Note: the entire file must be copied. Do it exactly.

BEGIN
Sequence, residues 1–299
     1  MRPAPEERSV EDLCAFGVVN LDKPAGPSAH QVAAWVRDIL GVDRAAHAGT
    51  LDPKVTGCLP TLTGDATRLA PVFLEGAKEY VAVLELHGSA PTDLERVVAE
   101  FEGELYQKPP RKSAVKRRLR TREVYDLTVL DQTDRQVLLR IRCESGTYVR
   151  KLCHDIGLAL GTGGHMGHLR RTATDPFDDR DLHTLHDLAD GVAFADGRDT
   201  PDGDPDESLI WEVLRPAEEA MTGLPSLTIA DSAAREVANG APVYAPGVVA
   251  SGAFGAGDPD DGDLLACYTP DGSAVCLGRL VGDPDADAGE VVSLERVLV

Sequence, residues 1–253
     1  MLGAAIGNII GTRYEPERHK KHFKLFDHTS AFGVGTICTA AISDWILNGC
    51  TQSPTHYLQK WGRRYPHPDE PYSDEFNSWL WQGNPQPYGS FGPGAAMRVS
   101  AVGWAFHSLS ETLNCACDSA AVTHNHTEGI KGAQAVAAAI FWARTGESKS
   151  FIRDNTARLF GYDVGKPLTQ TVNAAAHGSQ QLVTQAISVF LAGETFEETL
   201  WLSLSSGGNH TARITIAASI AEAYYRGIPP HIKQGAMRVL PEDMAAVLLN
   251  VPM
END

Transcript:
Sequence, residues 1–299
     1  MRPAPEERSV EDLCAFGVVN LDKPAGPSAH QVAAWVRDIL GVDRAAHAGT
    51  LDPKVTGCLP TLTGDATRLA PVFLEGAKEY VAVLELHGSA PTDLERVVAE
   101  FEGELYQKPP RKSAVKRRLR TREVYDLTVL DQTDRQVLLR IRCESGTYVR
   151  KLCHDIGLAL GTGGHMGHLR RTATDPFDDR DLHTLHDLAD GVAFADGRDT
   201  PDGDPDESLI WEVLRPAEEA MTGLPSLTIA DSAAREVANG APVYAPGVVA
   251  SGAFGAGDPD DGDLLACYTP DGSAVCLGRL VGDPDADAGE VVSLERVLV

Sequence, residues 1–253
     1  MLGAAIGNII GTRYEPERHK KHFKLFDHTS AFGVGTICTA AISDWILNGC
    51  TQSPTHYLQK WGRRYPHPDE PYSDEFNSWL WQGNPQPYGS FGPGAAMRVS
   101  AVGWAFHSLS ETLNCACDSA AVTHNHTEGI KGAQAVAAAI FWARTGESKS
   151  FIRDNTARLF GYDVGKPLTQ TVNAAAHGSQ QLVTQAISVF LAGETFEETL
   201  WLSLSSGGNH TARITIAASI AEAYYRGIPP HIKQGAMRVL PEDMAAVLLN
   251  VPM